Apparently, it looks that customers are happy with e-commerce experience, as they are getting goods cheap conveniently. It is also argued sometimes that since these companies have low operational cost, customers would ultimately gain in their shopping through e-commerce. However, we must understand that the very strategy of selling below procurement cost in unethical and it kills competition; as it follows predatory pricing. By pushing traditional shop keepers, book sellers etc. Out of business, riding on financial muscles cannot be regarded as fair and therefore needs to be stopped. There are also complaints with regard to tax evasion by e-commerce companies.
What is the Solution?
Clearly, on the basis of their economic power companies are not only killing traditional business, but also pose a major obstacle in the way of new entrepreneurs in e-commerce. As new entrepreneurs have limited resources, they cannot withstand giant e-commerce companies, in terms of incurring losses. Large companies, with huge resources, have adopted the strategy of incurring losses initially in order to capture the market, and therefore are like death knell for ‘start-up’ enterprises. It is a matter of regret that the Competition Commission of India (CCI), a regulator to deal with unfair practices, is finding itself helpless to control unethical practice of these big e-tailors. Recently, when booksellers complained against these companies, saying that these companies are selling books, offering heavy discounts, even more than what is given to these companies by publishers, CCI expressed its inability to consider their request, because it could accept such complaints against errant e-commerce companies only from e-commerce business ventures.
The government has initiated the process of making rules for the functioning of e-commerce companies. However major concern in this regard is that by the time these rules would see light of the day, it would be too late. Though, foreign investment in business-to-consumer (B to C) e-commerce is prohibited, foreign e commerce companies continue to expand their business in the country. Their argument is that they themselves are not doing e-commerce, they are only providing e-commerce platform to domestic producers. Fact of the matter is that these foreign e trailers are takings advantage of this grey area in expanding their business; and are waiting for full fledged permission to FDI in e-commerce to change their business model. Today, traditional traders are under attack from big e-commerce retailers companies and are facing a danger of extinction. it is imperative to avoid uneven competition from these foreign e-commerce companies, to safeguard traditional shopkeepers, booksellers, chemist/medicine stops, and also to protect budding new Indian ‘start-ups’ in e-commerce and give them full opportunity to grow. FDI in e-commerce is not allowed in the country, maintaining the status-quo; a ban should be imposed on all foreign firms operating in e-commerce, in whatever form they are operating.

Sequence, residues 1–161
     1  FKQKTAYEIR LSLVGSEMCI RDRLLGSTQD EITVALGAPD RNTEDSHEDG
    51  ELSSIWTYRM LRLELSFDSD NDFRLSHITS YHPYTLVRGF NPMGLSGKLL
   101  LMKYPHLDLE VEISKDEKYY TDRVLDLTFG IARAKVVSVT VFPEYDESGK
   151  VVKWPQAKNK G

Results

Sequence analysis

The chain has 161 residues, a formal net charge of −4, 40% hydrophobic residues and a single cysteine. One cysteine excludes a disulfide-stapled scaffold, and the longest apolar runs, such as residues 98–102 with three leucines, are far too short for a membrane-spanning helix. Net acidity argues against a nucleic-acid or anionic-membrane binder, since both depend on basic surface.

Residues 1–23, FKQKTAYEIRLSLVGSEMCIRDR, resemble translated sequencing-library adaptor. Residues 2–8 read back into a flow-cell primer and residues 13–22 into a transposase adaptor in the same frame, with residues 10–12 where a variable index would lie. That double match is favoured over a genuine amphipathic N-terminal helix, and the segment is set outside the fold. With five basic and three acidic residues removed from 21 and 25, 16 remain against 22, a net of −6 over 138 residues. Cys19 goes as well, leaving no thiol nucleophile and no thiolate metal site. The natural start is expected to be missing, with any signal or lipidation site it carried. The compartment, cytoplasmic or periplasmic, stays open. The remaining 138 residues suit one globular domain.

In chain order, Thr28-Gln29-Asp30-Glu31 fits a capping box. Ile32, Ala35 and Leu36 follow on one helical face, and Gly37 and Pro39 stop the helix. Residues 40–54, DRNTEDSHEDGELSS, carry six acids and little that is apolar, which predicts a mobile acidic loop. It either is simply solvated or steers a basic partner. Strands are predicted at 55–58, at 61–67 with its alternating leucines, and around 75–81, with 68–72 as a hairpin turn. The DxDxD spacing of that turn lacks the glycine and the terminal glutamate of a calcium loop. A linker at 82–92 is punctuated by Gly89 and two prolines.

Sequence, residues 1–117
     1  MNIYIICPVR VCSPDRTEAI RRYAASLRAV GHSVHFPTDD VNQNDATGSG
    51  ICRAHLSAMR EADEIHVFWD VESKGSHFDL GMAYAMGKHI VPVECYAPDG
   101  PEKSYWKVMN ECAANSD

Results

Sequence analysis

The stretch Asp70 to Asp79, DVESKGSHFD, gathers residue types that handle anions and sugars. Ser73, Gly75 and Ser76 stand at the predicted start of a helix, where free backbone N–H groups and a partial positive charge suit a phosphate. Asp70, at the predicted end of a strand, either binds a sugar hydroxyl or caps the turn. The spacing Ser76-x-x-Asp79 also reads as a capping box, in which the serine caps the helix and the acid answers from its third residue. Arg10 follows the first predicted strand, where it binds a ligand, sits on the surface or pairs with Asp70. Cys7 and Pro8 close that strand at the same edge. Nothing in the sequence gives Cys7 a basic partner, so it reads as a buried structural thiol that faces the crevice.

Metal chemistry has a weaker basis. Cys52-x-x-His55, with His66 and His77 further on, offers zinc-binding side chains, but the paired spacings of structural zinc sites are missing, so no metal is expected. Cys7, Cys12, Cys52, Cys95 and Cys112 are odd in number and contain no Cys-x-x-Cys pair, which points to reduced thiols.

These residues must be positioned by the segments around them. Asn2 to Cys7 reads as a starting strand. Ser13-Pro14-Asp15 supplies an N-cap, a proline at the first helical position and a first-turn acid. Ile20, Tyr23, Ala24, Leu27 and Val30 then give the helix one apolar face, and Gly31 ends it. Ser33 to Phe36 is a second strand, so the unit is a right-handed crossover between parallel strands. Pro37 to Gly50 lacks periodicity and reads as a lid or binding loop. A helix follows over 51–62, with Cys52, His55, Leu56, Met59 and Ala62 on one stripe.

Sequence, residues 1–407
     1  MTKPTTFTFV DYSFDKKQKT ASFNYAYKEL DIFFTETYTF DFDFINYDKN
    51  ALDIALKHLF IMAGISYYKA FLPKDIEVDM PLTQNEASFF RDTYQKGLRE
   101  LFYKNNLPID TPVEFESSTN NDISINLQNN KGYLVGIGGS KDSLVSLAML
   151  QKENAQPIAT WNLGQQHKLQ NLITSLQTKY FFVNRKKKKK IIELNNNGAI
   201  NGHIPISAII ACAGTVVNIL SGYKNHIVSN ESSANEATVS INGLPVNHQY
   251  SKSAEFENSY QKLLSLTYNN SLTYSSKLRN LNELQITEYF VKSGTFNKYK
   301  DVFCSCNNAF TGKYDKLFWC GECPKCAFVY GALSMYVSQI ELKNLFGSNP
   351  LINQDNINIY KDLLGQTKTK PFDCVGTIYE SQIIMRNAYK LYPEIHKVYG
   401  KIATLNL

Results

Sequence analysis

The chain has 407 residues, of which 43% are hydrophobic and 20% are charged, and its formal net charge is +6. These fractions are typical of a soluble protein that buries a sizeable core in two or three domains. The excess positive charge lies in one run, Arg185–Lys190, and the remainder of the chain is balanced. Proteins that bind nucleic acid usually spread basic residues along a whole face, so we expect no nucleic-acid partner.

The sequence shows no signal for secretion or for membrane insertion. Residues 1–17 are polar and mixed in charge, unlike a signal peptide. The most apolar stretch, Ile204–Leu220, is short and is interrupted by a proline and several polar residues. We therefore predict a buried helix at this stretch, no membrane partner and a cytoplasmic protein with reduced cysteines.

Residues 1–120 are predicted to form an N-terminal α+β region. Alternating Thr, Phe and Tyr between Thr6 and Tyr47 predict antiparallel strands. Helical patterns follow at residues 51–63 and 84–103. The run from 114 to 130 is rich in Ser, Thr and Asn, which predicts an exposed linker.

By Ashwani Mahajan